The dwarf planet Ceres has passed through indirect polar reorientation by about 36 degrees. Using data from the NASA Dawn (Dawn) mission, the researchers determined the magnitude of the bias with three independent confirming sources. This allowed us to fix the changes in the density of the dwarf planet, especially in the crust. Statistical analysis of the topography was used to analyze ridges and the paleo-pole. To match the cracks in the bark, the Matsuyama and Nimmo methods were used.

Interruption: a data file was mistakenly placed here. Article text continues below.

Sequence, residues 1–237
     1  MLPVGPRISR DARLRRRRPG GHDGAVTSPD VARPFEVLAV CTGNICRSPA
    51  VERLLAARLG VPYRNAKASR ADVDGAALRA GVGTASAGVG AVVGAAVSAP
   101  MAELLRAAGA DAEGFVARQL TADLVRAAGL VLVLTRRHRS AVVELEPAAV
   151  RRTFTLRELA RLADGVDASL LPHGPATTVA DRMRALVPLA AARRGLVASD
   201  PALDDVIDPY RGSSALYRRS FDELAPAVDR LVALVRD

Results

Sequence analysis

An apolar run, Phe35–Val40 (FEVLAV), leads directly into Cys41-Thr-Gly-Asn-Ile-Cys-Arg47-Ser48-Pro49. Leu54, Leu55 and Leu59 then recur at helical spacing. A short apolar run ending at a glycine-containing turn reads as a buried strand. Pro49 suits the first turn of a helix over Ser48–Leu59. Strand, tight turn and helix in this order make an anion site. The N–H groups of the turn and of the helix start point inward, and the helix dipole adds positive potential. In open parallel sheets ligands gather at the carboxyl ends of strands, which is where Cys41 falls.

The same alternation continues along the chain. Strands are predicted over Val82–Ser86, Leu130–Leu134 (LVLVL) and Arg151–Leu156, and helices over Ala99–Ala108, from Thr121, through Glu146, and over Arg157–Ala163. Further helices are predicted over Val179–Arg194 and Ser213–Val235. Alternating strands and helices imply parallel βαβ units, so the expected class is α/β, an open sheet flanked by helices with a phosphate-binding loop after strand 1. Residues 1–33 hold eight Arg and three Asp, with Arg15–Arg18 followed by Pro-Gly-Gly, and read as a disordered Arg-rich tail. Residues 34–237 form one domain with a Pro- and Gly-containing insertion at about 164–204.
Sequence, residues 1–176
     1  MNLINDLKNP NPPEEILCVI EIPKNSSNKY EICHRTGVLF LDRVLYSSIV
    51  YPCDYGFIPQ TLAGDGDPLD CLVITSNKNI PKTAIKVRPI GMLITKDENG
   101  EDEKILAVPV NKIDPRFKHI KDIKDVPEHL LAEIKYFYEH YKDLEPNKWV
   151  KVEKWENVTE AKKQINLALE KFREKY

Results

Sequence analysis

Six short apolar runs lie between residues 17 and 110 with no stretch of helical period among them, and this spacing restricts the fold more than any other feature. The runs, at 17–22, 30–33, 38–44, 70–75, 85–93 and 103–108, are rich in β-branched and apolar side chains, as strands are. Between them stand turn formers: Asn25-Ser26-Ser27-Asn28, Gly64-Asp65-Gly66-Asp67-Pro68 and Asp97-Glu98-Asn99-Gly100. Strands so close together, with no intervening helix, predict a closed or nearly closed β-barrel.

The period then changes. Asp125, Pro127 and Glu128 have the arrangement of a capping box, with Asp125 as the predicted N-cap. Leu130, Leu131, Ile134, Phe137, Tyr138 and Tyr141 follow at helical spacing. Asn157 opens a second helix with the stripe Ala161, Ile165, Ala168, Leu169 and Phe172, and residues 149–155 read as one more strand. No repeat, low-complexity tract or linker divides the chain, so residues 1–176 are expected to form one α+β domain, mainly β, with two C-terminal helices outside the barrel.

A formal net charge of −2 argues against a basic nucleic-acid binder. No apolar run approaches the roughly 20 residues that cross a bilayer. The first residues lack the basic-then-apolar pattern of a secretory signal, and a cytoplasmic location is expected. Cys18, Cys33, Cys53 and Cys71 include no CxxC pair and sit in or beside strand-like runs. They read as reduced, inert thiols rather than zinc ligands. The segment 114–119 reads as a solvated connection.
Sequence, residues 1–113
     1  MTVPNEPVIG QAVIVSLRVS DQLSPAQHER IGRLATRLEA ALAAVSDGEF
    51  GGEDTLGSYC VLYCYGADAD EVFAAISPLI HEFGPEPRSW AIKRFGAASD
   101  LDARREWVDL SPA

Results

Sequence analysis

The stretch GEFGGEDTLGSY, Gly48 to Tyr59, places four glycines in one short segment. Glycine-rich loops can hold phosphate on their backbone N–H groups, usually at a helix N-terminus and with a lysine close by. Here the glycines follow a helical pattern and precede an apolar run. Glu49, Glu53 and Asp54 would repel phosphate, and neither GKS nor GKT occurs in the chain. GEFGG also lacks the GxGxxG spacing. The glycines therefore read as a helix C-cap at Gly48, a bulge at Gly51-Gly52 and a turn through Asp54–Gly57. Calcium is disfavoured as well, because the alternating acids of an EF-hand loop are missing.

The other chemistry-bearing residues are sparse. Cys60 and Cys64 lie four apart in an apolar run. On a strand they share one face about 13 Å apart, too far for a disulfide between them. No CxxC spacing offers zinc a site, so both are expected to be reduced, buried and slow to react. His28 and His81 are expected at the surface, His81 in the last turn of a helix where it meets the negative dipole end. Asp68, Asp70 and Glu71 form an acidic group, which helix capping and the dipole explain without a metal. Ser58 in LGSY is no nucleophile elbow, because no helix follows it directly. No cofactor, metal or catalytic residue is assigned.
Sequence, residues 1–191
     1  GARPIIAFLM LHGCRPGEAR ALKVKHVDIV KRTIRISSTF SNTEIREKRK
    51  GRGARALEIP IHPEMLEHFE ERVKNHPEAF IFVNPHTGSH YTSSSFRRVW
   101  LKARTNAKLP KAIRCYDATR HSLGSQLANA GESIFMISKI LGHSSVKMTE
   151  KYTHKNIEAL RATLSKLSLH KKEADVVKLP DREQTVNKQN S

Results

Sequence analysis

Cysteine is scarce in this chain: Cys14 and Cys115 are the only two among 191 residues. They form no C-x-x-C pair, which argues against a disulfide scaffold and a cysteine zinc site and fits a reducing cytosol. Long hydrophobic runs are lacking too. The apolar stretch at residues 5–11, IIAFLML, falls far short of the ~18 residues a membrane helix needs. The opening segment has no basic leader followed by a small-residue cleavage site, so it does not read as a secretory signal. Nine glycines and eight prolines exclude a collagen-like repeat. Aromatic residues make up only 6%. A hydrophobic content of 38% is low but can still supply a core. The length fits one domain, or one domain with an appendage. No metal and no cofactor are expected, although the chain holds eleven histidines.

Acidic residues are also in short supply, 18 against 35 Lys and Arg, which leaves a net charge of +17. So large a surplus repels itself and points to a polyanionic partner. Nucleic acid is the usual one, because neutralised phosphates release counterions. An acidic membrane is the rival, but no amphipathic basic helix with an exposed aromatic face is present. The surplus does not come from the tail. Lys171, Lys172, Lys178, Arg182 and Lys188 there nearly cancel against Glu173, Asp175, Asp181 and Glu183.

Multi-stage reorientation can indicate that the equatorial density anomaly still continued to evolve during the period of displacement. Perhaps the whole point is that the crust and mantle maintained a weak bond during rotation, allowing the cortex to begin to reorient while the mantle “braked”. If the crust and the mantle are allowed to shift relative to each other, this indicates a layer of reduced friction between them. How to reduce this mechanism? Among the assumptions indicate an ancient ocean of water under the bark. For more than 3 years, Dawn's mission has revolved around Ceres, collecting detailed observations and allowing to create detailed geophysical models. Then they can be adapted for comparison with other ice bodies. Among the examples it is worth recalling the parallel between the famous equatorial ridge of Yapet (Saturn's moon) and the remnant of the paleo-equatorial ridge of Ceres.